A dream unfulfilled

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Rioting is not a solution to the long-term problems of black people - or anyone else. But it seems to be the only opportunity that people have at the moment to express the way they are treated as second-class citizens of this country. There is so much pent-up frustration. People round here are, for instance, still very angry about the comments made by London's Chief Commissioner, Paul Condon, linking black people to mugging.

As far as the police go, there is a lot of work to be done to re-educate them to understand that they are not a power unto themselves: their actions must be accountable.

But anger at the police is coupled with deprivation and lack of opportunities. There are deep resentments about the lack of jobs and social and recreational facilities in Brixton. No one wants to see a repeat of 1981 or 1985 riots. And to prevent that, this Government gave pounds 37.5m as a grant to set up Brixton City Challenge in 1993, to regenerate the area. I am a director - one of four who represent community organisations - on the City Challenge. It had a grand founding vision:

"Our programme will place people and communities at the heart of the initiative. The investment of pounds 189m will create around 1,650 new jobs and it is estimated that more than 2,500 local people will attain recognised qualifications. Communities will flourish in good homes, be healthy and safe, and participate in the changes that will take place. Young people will grow up in an attractive and prosperous environment and will build further prosperity in Brixton, Lambeth in London and further afield."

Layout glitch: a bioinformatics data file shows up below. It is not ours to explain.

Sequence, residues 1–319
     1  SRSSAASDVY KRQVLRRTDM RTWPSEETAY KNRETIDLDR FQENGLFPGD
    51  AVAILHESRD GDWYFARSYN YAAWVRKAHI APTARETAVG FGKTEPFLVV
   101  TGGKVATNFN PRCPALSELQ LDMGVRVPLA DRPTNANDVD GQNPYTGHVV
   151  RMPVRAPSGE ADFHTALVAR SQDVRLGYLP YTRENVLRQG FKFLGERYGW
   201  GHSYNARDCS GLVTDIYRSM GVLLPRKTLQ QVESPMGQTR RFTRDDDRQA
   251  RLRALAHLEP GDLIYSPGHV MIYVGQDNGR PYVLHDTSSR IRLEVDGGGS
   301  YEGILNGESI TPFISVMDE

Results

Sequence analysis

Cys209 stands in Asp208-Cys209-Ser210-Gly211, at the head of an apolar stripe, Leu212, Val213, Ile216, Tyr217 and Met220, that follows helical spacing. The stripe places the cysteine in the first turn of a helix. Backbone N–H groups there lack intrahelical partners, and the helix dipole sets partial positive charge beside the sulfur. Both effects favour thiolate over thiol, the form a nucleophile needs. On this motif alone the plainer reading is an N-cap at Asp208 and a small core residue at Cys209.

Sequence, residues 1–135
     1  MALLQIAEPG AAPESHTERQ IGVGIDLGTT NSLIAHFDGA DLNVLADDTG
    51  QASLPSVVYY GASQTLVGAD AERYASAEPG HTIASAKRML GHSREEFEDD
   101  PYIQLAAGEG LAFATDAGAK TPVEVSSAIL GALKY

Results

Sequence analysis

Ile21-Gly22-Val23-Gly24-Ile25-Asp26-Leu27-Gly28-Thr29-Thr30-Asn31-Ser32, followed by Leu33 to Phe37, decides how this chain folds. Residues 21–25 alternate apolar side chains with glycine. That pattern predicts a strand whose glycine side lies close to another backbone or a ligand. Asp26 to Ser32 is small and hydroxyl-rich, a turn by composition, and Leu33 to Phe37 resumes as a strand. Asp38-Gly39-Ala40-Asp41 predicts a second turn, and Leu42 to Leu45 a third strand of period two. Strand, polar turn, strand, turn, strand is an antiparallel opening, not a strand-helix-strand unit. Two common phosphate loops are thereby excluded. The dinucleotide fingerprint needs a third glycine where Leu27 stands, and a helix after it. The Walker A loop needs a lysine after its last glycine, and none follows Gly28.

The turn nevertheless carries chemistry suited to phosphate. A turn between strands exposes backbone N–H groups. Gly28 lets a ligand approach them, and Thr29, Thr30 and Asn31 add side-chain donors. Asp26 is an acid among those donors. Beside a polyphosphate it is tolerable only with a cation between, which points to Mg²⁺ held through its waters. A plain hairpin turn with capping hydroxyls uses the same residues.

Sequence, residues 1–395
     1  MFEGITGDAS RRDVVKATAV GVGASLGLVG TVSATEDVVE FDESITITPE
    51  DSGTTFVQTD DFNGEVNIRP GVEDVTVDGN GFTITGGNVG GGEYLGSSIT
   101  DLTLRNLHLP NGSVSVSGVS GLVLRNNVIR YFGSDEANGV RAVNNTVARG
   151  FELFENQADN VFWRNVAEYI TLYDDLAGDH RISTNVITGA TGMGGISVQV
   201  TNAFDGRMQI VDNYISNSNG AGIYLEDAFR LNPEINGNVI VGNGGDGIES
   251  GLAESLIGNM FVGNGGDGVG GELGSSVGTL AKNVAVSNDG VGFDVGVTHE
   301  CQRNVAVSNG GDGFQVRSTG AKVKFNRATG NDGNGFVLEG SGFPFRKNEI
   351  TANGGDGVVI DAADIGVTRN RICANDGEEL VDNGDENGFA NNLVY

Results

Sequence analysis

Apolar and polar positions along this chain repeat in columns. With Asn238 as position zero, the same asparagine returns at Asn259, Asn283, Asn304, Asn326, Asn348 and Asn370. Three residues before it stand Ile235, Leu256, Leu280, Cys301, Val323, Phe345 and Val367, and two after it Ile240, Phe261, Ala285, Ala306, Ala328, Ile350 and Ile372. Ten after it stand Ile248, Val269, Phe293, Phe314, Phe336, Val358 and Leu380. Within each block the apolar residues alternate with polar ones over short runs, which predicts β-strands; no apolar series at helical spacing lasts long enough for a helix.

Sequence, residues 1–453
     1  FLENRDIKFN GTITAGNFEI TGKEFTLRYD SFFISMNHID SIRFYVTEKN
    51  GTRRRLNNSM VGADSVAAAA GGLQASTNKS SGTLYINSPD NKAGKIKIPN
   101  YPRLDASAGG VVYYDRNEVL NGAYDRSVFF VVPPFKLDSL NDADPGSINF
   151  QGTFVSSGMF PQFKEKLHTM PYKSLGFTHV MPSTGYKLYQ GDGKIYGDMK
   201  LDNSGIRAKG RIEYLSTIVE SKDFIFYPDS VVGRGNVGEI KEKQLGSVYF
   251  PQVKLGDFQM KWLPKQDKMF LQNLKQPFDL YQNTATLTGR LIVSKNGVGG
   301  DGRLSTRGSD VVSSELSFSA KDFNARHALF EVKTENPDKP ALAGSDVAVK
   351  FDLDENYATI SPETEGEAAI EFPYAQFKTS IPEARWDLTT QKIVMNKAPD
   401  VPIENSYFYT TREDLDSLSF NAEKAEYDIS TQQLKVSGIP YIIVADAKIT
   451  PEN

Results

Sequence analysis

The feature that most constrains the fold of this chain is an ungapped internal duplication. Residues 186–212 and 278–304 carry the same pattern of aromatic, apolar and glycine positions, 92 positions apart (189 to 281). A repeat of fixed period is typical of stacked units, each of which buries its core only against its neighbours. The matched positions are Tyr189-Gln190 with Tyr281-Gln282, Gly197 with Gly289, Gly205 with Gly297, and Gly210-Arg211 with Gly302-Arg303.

That vision is no longer there. Despite the investment, local people have not benefited, because the local communities and existing small businesses - the people who live and work in Brixton - have never been at the heart of the regeneration process.

A great deal of energy has been spent arguing over the development of the central area of Brixton, which includes renovations to the tube station and market. The City Challenge has concentrated on this area, arguing that once it is done, it will be a trigger to other improvements, a launching point for investment in the whole Brixton area. But it has failed to attract the promised private investors - London Underground, P&O, British Rail, Railtrack, and others - so that it has decided to put pounds 13m of City Challenge money into this scheme, rather than the original pounds 7m-pounds 8m. And that is money that will not go to expand small business growth or developmental work for voluntary organisations.

Why has the private sector not invested? I think it is because of the legacy of an incompetent and inefficient local authority - which is of course also the main partner in the City Challenge.

And the Challenge itself is dogged by inefficiency. I know of important, useful community projects that have applied for money and been kept waiting for months without hearing anything. During that period of frustration and delay, they've either gone elsewhere with their funding applications, such as the National Lottery, or they've collapsed altogether.

These failures undermine the good intentions of government when it set up the City Challenge scheme. I and some fellow directors are hoping to meet with central government officials in a few days' time to discuss alternative ideas for trying to achieve the vision set out originally in the Action Plan of the City Challenge. We haven't given up on it: we want to get it back on course.

But that will not be done by pouring millions of pounds of public money into one central area of Brixton. It can only be done, I believe, with another central government intervention, to help create a consortium of investors that will deliver the goods, and make our 30-year dream of development of central Brixton a reality. If government fails this time, I fear the people of Brixton will not forgive it.

Mike Rahman

The writer is a director of Brixton City Challenge and Chair of the National Union of Refugee Organisations.